This is the thinking underlying progressivism, that there are systems in place that facilitate and allocate different levels of production and capital (human/societal/financial).  These systems tend to solidify inequality in very real ways, ways that create an unfair distribution of capital, which results in rewards not being just.  All manner of factors conspire to limit freedom of individuals to access agency-increasing capital.

There is a moral case here for progressive redistribution.  But there is also an economic argument, in that a degree of redistribution of capital lubricates individual agency and promotes innovation.  For instance, libraries, public schools, health care, minimum wages, etc. all redistribute capital in ways which promote human agency by more evenly spreading it around society and allowing more creative enterprise to develop. 

The last thing you want is capital stuck in the hands of the few, with fewer opportunities for it to be leveraged into growth.  The meritocratic argument assumes that the high levels of inequality and wealth concentration we currently see are a function of those best able to allocate, manage and create growth.  Yet this is a post-hoc justification of power structures that are often not a function of merit at all, but rather systemic privilege.

Sunday, July 8, 2012

Real Accountability

Education, Gyula Derkovits 1923
Kevin Drum asks how anyone could have believed the goals of NCLB were realistic to begin with.
"Here in the real world, no matter how brilliant your teachers are and how solid your curriculum is, you'll never get 100% of your kids to pass a standardized test."

What's kind of weird to me is what this statement reflects about A) our lack of knowledge about education and B) our misplaced priorities.

For me, the beauty of NCLB was always that it was about shining a giant spotlight on the achievement gap.  The tragedy was that it had no idea how to go about remedying it, apart from a silly scheme for teacher accountability and school competition.

A decade later, Kevin's statement rings absolutely true.  While everyone is mightily aware of the achievement gap, there has been almost no real progress, and everyone thinks that the problem is either crappy or poorly-trained teachers (protected by corrupt unions), or insurmountable social problems.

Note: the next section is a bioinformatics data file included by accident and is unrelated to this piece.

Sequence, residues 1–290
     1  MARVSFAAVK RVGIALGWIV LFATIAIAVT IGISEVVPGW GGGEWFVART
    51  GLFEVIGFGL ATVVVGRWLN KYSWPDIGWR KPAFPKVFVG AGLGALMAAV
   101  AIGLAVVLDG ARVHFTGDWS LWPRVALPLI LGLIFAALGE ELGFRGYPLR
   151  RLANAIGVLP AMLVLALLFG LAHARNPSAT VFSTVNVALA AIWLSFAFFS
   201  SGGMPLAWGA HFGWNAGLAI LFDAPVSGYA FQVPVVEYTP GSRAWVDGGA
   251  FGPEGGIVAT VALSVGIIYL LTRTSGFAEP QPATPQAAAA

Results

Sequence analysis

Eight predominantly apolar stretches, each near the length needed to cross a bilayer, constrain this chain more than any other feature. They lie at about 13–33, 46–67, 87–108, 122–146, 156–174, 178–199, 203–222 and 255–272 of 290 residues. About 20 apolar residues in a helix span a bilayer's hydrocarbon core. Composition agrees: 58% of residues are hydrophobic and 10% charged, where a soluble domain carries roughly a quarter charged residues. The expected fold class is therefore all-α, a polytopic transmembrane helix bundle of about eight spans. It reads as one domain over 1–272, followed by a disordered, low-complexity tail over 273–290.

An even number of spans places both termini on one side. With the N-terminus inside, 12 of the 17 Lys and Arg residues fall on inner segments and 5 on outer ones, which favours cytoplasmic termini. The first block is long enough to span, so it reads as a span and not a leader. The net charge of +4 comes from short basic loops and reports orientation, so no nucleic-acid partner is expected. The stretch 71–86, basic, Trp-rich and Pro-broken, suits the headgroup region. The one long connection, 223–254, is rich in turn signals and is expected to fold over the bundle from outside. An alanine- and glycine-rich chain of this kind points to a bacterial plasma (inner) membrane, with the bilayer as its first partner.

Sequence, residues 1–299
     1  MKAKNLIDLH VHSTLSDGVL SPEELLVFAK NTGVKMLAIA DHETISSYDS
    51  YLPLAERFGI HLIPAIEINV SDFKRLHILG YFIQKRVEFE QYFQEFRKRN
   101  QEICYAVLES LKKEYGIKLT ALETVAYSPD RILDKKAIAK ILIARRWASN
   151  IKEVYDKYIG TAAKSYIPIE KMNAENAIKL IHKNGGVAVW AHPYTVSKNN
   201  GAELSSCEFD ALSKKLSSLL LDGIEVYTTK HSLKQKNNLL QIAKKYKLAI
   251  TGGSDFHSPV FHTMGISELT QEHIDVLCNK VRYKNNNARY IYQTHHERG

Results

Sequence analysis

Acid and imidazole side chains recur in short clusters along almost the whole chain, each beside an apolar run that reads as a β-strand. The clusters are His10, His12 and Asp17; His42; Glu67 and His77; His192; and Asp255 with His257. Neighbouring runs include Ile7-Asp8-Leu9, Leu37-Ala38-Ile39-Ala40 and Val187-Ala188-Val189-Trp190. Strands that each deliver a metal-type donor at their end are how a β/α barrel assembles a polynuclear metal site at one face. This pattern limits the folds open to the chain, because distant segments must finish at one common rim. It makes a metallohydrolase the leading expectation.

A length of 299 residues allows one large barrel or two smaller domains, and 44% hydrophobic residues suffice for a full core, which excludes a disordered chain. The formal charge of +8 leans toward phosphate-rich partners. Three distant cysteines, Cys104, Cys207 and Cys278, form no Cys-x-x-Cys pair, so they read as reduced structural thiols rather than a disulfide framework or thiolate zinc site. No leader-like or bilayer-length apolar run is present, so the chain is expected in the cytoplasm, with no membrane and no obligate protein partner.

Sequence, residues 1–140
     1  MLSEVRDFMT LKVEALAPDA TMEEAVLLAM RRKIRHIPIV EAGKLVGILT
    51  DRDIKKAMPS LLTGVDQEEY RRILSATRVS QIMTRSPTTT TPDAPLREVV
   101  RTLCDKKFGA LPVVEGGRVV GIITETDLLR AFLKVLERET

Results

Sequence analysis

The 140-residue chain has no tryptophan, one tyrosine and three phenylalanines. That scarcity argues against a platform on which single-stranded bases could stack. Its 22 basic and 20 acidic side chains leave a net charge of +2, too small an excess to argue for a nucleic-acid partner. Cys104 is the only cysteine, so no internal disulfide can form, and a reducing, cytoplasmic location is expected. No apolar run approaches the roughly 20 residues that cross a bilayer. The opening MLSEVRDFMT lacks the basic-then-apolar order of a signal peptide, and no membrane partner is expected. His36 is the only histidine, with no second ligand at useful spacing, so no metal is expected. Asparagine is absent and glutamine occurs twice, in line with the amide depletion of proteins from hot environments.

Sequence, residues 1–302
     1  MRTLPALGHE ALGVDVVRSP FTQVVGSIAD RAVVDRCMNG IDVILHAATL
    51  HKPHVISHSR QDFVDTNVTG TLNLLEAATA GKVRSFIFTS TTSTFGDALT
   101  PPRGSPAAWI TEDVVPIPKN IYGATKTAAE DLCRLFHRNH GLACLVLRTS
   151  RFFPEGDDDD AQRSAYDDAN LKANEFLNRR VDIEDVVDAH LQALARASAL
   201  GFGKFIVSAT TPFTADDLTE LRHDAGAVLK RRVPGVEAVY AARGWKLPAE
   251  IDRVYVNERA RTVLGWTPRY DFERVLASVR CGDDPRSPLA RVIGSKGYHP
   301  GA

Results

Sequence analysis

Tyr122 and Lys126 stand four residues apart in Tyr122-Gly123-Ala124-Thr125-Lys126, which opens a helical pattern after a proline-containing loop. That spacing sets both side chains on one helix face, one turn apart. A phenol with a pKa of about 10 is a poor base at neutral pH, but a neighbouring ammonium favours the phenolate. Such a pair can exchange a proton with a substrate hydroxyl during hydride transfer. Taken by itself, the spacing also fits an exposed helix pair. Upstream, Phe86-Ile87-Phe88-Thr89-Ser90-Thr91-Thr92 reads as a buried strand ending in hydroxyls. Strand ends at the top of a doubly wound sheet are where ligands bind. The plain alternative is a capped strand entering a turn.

Yet as a teacher, the problem doesn't actually seem so hard.  If I have 30 students - 10 of them at or above grade level, 10 maybe a year behind, and 10 more even further (a standard arrangement in low-SES classrooms), my job is to get them all to grade level by the end of the year. 

Unfortunately, low-SES populations have serious disadvantages.  The lowest performers will have serious behavioral problems, poor attendance, and severe lack of motivation.  Parent support will be minimal, as many parents will not have the time or know-how to help their children be successful.  As a teacher, I will only have so much time to give all 30 students the kind of individualized instruction and attention required for them to achieve peak performance.  In a 55 minute lesson, after housekeeping, a brief lesson, even in the most well-structured classroom many students will fall through the cracks. 

Compare this with a higher-SES classroom, where kids are generally better prepared, closer to grade level, have better attendance and support at home, fewer behavioral problems, the job will always be much easier.

So, aside from accountability and competition, what to do?  What I have listed are usually dismissed as "excuses".  Yet they are real problems that, when waved off as "excuses", the practical effect is that they are ignored.  Thus, the very problems central to closing the achievement gap are being ignored. Is it no wonder that hundreds of thousands of teachers are frustrated beyond measure, and that morale is at an all-time low?  Could you imagine soldiers in a losing battle complaining that there wasn't enough support - body armor, bullets, rations, troops, etc. - and their concerns being dismissed as "excuses"?